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Meg Whitman Outlines What's Next for HPE

By Sean Michael Kerner (Send Email)
Posted September 6, 2017


Hewlett Packard Enterprise (HPE) reported third quarter fiscal 2017 (3Q17) financial results on Sept. 5, showing some positive trends for the company's server business.

The 3Q17 results are particularly noteworthy in that they mark the last quarter in which HPE's software HPE business is still part of the mix. HPE has divested its software portfolio in what it calls a "spin-merge" with MicroFocus.

For the quarter, HPE reported revenue of $8.2 billion, for a three percent year-over-year gain. HPE's Enterprise Group revenue, which includes server, storage, networking and technology services, came in at $6.8 billion for the quarter. Software revenue was reported at $718 million.

During her company's earnings call, HPE CEO Meg Whitman said  core server revenue was up 13 percent year-over-year, and HPE expects to gain share in calendar Q2. One area of particularly strong server growth for HPE is with the Synergy platform that was first announced in 2015.

"Since its launch late last year, Synergy is experiencing very strong momentum with over 600 customers to date," Whitman said. "As a side benefit, we are also seeing an uptick in blade sales as customers move on to the path to become Synergy ready."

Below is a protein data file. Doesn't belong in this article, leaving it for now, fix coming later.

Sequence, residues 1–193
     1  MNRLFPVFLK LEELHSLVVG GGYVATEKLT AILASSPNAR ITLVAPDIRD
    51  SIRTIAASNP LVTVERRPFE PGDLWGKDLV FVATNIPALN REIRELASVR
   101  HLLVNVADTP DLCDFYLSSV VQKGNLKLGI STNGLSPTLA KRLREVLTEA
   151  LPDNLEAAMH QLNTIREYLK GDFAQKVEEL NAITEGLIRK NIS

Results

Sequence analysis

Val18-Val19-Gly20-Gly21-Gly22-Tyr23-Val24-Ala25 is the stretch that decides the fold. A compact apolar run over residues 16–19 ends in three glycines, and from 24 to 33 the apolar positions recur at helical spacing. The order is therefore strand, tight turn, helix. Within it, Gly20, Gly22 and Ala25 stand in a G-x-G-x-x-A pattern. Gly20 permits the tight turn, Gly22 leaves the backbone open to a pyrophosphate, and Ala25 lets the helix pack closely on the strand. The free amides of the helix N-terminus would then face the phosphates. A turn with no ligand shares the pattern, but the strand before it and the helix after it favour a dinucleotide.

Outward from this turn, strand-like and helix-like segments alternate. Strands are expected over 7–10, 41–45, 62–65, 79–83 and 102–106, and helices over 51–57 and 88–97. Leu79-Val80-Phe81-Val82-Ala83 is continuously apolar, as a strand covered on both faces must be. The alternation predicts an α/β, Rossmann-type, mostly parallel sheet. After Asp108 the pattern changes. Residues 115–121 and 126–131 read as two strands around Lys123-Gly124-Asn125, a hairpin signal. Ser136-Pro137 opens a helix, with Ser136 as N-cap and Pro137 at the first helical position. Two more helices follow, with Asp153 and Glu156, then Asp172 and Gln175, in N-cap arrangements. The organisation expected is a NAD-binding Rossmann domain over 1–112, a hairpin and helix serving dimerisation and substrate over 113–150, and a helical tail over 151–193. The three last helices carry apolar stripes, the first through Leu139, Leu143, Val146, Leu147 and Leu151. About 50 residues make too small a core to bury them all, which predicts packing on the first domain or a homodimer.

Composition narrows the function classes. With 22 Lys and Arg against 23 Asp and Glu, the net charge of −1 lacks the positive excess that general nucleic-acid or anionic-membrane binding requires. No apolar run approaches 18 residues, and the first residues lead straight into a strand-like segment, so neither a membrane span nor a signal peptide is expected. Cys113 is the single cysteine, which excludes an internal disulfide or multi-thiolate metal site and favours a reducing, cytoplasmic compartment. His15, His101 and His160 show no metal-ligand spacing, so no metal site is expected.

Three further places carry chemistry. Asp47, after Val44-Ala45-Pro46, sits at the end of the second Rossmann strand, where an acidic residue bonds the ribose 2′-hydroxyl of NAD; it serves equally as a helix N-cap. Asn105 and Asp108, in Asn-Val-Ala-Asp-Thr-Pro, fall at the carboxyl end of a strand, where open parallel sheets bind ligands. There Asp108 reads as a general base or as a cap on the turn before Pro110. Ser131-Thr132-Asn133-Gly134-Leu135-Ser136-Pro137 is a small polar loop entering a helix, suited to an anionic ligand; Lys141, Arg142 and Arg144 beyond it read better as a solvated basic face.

The HPE Synergy effort is a composable infrastructure initiative that enables software-defined compute, networking, software and storage. ServerWatch recently reviewed the HPE Synergy platform as part of a tour at the company's Houston campus.

Whitman also highlighted momentum for HPE's server security efforts, including the new silicon root of trust approach that was first announced in June 2017.

"HPE is the only company that embeds proprietary silicon-based security into its industry standard servers," Whitman said. "This approach addresses firmware attacks, which are one of the biggest threats facing enterprises and governments today. "

HPE Next

Looking forward, HPE's future is one in which software is no longer a core business. Whitman said the spin-off and merger of HPE's software business with Micro Focus delivered approximately $9 billion in value, and she is confident this was a great move for both Micro Focus and HPE.

"Now as a smaller organization with fewer lines of business and clear strategic priorities, we have the opportunity to create an internal structure and operating model that is simpler, nimbler and faster," Whitman said.

Whitman also took time during the financial analyst call to answer a question about her own future with HPE. Whitman had been widely reported as being a top contender for the CEO role at ride-sharing company Uber. She said that while Uber was an interesting opportunity that would have been similar to her previous role at eBay, she has no intention of leaving HPE.

"I have dedicated the last six years of my life to this company and there is more work to do, and I am here to help make this company successful, and I am excited about the new strategy," Whitman said. "So, lots more work to do, and I actually am not going anywhere.

Sean Michael Kerner is a senior editor at ServerWatch and InternetNews.com. Follow him on Twitter @TechJournalist.

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